Alas, last week’s National Restaurant Association 2011 forecast calls for slow growth for restaurants. But one part of your customer base should grow at a much-faster rate: social media users, who eat out more frequently than the general public. No wonder 80 percent of operators tell NRA they now see social media as a key marketing tool.
The real growth rate foreseen by the National Restaurant Association is tepid—1.1 percent after adjustments for likely inflation, slightly better than Technomic’s earlier prediction of 0.7 percent. The most hopeful sign was the amount of pent-up demand for restaurant meals that exists among consumers. More than two out of five consumers say they are not dining out or using takeout as often as they would like. Let’s hope an economic recovery in 2011 gives them the money to indulge as they prefer.
But at least the report give operators a heads-up on how they can attract more of the business that is available: Go after the ever-growing social media-using crowd.
NRA’s Restaurant Industry Forecast defined social media savvy consumers as those who are frequent users of at least one social media tool. The list includes Facebook, Twitter, mobile phone applications such as Foursquare or Urban Spoon and online review sites like Yelp. Here’s what the NRA found about their dining activity.
“These individuals dine out more frequently than the general public: 92 percent eat a meal at a sit-down restaurant at least once a month (compared with 84 percent of all adults) and 87 percent purchase a meal or snack from a quick service restaurant or carryout place at least once a month (versus 83 percent of all adults).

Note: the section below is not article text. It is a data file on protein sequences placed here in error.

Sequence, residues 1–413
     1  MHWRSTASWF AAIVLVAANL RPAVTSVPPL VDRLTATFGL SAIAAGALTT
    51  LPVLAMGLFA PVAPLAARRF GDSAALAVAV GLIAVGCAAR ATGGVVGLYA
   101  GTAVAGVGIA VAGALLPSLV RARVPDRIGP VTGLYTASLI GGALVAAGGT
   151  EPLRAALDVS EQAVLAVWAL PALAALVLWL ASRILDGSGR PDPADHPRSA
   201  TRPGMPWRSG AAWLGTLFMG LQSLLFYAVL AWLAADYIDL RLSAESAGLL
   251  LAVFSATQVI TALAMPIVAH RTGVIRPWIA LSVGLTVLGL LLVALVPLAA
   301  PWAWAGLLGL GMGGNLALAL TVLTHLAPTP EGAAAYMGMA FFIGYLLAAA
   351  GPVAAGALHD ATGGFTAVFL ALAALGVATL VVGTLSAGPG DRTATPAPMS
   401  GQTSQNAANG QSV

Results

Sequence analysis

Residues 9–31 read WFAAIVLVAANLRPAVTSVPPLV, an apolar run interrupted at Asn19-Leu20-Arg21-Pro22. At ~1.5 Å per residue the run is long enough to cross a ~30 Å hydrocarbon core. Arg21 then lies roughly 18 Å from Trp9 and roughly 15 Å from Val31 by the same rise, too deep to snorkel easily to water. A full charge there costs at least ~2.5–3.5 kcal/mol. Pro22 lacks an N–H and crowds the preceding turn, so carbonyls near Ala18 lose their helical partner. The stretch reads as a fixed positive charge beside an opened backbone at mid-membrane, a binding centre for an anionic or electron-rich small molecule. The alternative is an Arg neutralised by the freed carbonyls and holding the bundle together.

“In addition, 51 percent of social media savvy individuals say restaurants are an essential part of their lifestyle, while among all consumers that number is 43 percent.”
No wonder restaurant operators are going after this group. While the aforementioned eight of 10 say social media will become more important marketing tool “in the future,” many are taking action today. More than half of the restaurant operators NRA surveyed for this report said they are likely to incorporate Facebook, online review sites, Twitter and blogs in their marketing mix during the next two years. Why not? If the NRA is right, that’s how you reach the heart of the market you’re trying to attract.
There’s also a bright note if you’re eager to embrace another hot industry trend, food trucks. Forty-seven percent of consumers told NRA they would be likely to patronize food trucks if their favorite restaurants operated those trucks. Which is to say that for the broad populace, food trucks are cool, all right, but they would be cooler if the food came from restaurants with which the customers are already familiar.
There are plenty of great food trucks out there now, but this statistic is telling us that if you own a brick-and-mortar restaurant and want to do a food truck version of it as a spinoff, your moment has come.